Jeri, I suggest that you turn to the web for a few articles on lead-acid batteries.

     Al














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Re: Re: Ideal spark color of a spark plug

Aspencade
In reply to this post by Al-101
 
-------Original Message-------
 
From: Al
Date: 16/03/2011 14:14:28
To: [hidden email]
Subject: Re: [Enfield] Re: Ideal spark color of a spark plug
 
 
  Jeri, presuming accuracy of the meter, a tenth of a volt is very
significant in determining state of charge. And so when using a known good
meter -- I use a Fluke -- for testing those tenths are significant. Also
when speaking about standard reference or test figures,  accuracy to the
tenths place is extremely important.


   Al
 
If we are going to be so pedantic about one tenth of a volt should we also
not state that the reading will be affected by the temperature of the cells
being read.



 

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Re: Ideal spark color of a spark plug

Dave Murray-2
In reply to this post by laxt57


--- In [hidden email], laxt57@... wrote:

> But is any of them gonna tell me that 2 tenths of
> a volt means a crap?
> Jeri
 
Jeri,

No.

Because it doesn't in the real world. Yes, while in theory, .2V would correspond to a certain charge level, that fact is useful only as a fetish for mechanical mental masturbation.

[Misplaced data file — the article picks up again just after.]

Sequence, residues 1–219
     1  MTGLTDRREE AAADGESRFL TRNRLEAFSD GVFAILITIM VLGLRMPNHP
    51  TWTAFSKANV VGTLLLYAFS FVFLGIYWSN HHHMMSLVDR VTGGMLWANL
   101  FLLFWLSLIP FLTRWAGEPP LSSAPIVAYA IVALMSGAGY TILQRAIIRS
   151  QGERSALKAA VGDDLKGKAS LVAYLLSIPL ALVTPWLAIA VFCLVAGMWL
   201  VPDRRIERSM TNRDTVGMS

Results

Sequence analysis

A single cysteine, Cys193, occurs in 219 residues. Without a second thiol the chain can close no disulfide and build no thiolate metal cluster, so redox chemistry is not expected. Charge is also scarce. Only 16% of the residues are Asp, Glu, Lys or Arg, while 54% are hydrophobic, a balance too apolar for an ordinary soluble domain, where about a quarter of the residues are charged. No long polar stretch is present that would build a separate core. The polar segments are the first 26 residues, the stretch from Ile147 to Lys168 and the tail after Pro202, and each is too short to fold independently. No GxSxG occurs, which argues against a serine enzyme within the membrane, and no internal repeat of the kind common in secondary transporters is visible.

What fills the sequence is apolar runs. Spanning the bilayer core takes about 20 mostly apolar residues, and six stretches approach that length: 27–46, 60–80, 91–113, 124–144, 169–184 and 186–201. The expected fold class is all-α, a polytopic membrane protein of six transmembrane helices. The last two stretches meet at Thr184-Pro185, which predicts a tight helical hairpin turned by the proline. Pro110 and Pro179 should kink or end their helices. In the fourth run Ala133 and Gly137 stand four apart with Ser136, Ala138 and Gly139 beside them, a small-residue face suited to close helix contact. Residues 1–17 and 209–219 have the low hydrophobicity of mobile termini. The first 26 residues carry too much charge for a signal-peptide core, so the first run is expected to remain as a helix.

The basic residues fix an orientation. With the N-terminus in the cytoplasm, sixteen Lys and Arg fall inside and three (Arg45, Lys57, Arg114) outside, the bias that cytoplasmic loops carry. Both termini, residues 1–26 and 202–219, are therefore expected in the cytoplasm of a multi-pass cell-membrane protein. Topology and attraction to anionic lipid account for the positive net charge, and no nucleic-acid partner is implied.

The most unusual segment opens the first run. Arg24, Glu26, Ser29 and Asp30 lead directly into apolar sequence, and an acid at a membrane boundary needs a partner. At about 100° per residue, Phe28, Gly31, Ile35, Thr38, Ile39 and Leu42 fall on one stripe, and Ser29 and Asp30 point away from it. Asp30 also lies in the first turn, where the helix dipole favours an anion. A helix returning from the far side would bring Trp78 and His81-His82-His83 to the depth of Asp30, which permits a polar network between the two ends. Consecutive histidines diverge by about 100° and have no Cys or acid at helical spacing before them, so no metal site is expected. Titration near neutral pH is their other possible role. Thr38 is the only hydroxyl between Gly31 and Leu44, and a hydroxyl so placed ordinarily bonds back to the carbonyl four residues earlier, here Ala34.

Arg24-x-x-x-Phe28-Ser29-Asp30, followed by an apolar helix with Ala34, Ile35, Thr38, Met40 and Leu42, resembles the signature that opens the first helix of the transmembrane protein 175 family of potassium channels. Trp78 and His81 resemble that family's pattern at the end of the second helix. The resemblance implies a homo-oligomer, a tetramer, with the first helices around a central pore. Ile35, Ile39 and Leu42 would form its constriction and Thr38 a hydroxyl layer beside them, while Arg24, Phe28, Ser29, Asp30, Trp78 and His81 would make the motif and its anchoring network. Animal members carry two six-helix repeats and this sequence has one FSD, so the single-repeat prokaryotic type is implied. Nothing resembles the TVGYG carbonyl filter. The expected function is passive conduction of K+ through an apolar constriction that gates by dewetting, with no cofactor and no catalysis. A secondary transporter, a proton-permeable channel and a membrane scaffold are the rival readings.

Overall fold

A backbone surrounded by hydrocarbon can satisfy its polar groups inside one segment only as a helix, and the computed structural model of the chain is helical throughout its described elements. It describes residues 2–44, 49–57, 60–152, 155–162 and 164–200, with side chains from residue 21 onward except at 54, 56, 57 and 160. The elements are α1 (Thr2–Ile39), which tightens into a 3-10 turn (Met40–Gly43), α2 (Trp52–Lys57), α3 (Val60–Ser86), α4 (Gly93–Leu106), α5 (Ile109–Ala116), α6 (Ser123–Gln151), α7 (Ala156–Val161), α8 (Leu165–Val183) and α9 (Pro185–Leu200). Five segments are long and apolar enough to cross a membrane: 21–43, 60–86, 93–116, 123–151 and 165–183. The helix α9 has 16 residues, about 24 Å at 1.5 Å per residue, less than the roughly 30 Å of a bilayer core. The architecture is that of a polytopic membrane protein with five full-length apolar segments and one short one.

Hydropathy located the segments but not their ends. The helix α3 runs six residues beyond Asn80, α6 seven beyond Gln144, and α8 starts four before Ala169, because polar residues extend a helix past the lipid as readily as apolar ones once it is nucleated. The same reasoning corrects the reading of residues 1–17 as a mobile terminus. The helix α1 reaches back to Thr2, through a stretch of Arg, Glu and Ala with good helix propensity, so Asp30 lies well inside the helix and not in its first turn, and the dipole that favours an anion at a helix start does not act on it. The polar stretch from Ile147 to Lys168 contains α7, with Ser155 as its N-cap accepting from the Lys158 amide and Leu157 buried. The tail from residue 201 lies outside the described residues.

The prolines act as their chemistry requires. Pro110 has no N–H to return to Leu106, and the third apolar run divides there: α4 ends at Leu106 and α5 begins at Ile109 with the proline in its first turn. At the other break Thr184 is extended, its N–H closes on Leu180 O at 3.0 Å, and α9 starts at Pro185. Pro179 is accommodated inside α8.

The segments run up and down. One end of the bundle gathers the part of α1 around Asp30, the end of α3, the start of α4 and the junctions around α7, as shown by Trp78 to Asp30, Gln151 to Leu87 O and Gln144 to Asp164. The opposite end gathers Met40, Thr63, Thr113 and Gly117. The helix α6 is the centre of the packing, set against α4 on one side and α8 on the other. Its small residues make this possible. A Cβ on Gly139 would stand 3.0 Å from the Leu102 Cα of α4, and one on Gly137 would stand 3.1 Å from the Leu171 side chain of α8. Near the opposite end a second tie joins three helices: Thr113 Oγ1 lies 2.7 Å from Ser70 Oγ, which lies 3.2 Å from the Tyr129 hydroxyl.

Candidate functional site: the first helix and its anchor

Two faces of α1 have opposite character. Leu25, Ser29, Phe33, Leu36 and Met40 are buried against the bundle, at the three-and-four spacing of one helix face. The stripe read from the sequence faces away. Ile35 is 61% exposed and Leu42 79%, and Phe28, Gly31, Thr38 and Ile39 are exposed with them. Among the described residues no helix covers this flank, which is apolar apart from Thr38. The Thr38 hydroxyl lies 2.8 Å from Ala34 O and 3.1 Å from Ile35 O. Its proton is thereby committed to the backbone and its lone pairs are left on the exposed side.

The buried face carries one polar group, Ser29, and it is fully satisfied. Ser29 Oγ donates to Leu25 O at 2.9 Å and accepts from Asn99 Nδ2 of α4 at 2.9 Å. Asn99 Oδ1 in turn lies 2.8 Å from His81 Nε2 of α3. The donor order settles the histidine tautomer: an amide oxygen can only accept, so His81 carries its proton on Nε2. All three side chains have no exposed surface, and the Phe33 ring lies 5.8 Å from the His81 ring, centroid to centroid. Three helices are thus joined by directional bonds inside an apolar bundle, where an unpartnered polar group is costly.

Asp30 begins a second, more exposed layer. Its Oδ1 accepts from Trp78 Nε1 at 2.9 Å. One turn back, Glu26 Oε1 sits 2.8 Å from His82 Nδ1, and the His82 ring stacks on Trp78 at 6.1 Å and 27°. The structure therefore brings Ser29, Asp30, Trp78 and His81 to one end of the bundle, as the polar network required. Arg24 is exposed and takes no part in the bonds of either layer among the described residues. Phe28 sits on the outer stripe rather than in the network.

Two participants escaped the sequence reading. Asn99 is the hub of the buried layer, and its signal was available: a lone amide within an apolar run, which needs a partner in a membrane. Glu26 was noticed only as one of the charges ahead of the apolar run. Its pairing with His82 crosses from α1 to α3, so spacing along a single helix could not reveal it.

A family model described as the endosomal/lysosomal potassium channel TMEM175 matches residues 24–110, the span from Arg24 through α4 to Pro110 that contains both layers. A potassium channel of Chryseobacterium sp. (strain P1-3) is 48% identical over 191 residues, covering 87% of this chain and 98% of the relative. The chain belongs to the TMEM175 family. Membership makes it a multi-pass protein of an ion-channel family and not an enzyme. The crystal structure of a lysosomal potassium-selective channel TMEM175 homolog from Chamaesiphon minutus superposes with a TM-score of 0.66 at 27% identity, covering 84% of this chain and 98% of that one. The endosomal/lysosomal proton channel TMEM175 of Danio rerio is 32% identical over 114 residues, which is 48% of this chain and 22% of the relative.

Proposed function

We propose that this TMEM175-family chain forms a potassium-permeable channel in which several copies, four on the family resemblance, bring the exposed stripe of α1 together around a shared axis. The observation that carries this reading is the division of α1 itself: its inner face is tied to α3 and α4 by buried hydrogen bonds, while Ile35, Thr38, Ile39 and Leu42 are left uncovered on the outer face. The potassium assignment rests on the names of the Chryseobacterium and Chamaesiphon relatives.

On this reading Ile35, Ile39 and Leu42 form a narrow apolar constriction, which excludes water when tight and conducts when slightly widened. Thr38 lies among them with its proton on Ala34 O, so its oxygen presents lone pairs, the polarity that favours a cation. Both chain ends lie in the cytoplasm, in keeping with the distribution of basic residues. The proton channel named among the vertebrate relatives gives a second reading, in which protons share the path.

We put a battery in a bike to start it, run it, and power the accessories. If it does, it's a good charge. If not, perhaps a difference of 1-2 volts might be useful in troubleshooting, but any mechanic who said "Well, here's your problem, your battery reads .2V low" I would lock up and feed through the keyhole.
DWM

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Re: Ideal spark color of a spark plug

Al-101


 Dave, in the real, real world where problem vehicles need be diagnosed, the state of charge as measure by a reading of battery terminal voltage is EXTREMELY important. Here's why, as the load on a battery is increased  ---- as is that case in in starting ---- the terminal voltage is reduced. The amount of this reduction can be foretold by the diagnostic technician who previously read the terminal voltage as an indication of state of charge. In simple terms, a greater voltage reduction will be seen with a battery at a lower state of charge. On a modern engine with electronic controls, a source voltage that lowers with load can present all sorts of driveability problems.

 Now admittedly with low tech breaker point equiped Bullet driveability/rideabilty problems  might not surface. But I dare say with the new B/5, C/5, and G5 Enfields as well as with earlier series RE's equiped with solid-state ignitions, the measurement of terminal voltage as an indication of charge is  an important diagnostic step.